11/24/2008 05:12 am ET Updated May 25, 2011

A Yalie Roots For Harvard

There are boo hoos instead of Boola Boolas in New Haven this year. For the first time in 40 years, there will be no Yale graduate on the ballot for president or vice president.

I was in the first group of women who graduated from Yale, which went coed after nearly 300 years as a completely male institution. I am not a particularly active alum, but I always felt proud of my association with Yale. Until I was associated by definition with another Yalie -- who graduated 3 years ahead of me.

George W. Bush represented a longstanding tradition -- when birth into the right family guaranteed a Yale diploma. His was the last class composed of privileged white sons who could glide into Yale based purely on their father's names.

Bush represented the end of an era; women like me represented the beginning of a new one. I stepped onto the Yale campus only months after Bush left it. But it was already a different institution, thanks to Yale's president Kingman Brewster and Admissions Director Inslee Clark, who changed admissions policies, battled furious alumni and transformed Yale forever.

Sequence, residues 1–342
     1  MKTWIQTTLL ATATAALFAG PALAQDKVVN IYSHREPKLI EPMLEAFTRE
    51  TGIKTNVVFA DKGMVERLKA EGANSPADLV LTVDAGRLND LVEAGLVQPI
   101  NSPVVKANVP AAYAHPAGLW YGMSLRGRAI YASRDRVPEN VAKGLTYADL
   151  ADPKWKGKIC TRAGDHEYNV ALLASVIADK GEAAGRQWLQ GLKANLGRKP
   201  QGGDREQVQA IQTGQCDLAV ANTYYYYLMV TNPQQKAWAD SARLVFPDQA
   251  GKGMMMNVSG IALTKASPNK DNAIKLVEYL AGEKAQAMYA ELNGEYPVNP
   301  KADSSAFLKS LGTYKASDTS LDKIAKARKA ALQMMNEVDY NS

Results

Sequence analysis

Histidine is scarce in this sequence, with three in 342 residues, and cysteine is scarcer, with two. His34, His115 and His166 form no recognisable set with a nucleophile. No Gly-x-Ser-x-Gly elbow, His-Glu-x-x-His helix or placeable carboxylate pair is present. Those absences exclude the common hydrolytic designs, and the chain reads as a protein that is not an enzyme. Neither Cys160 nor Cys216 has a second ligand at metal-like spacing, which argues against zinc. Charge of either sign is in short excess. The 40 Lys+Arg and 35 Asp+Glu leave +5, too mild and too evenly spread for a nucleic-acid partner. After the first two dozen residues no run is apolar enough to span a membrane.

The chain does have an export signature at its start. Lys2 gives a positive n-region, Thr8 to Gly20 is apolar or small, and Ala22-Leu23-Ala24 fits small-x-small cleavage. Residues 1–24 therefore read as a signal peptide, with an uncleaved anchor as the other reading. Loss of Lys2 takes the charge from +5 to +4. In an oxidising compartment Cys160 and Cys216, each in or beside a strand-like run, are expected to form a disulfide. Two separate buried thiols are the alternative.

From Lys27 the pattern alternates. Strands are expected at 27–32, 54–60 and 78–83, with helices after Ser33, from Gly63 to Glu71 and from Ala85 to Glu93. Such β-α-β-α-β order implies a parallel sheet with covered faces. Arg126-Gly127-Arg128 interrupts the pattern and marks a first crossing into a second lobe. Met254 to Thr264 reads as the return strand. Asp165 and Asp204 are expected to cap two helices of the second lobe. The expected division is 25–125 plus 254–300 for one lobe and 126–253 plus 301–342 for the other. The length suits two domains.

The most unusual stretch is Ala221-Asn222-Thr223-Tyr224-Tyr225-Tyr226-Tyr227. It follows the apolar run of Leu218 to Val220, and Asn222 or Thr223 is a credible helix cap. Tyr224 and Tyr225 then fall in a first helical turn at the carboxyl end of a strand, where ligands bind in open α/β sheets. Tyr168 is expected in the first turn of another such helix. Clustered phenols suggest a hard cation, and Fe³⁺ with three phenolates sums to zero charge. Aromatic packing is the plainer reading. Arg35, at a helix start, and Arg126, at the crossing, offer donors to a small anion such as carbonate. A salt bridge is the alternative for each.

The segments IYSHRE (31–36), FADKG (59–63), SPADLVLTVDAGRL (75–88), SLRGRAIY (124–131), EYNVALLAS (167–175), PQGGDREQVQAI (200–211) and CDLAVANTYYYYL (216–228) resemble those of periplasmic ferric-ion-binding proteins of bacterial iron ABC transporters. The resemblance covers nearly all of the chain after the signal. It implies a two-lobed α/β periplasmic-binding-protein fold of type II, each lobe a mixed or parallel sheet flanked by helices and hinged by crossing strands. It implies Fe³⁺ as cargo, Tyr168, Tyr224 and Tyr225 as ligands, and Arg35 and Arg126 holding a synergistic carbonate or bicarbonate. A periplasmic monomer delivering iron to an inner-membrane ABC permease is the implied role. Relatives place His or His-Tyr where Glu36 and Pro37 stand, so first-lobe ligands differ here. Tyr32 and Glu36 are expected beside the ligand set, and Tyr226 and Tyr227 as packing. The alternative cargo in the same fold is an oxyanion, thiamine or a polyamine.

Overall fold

In the late 1960's, Yale, one of the world's top schools, began to admit the top students. Today this is a given -- our top institutions are diverse communities, with need-blind admissions, based on the merit system. Where achievement and ability can trump an elite pedigree.

A typical example of the new era is Barack Obama, graduate of Columbia University and Harvard Law School, who in the old era would never have set foot on either of those renowned campuses. His place at the top of the ticket this year represents a seismic shift not only in politics, but in our elite educational institutions.

John McCain, son of a decorated admiral, won a place at the naval academy due to his family history -- and graduated 894th out of 899 students. That's the old system.
Obama, son of a Kenyan student and an impoverished young mother, won a place at Harvard Law due to his qualifications and hard work -- and was elected the first black president of the Harvard Law Review. That's the new system. Which ideally represents the best our elite institutions can offer.

Though a Yale graduate will not be on the national ballot this year, I'm proud that I was part of the changes in those "elite institutions." And on November 4, this Yalie, for the first time, will be rooting for Harvard.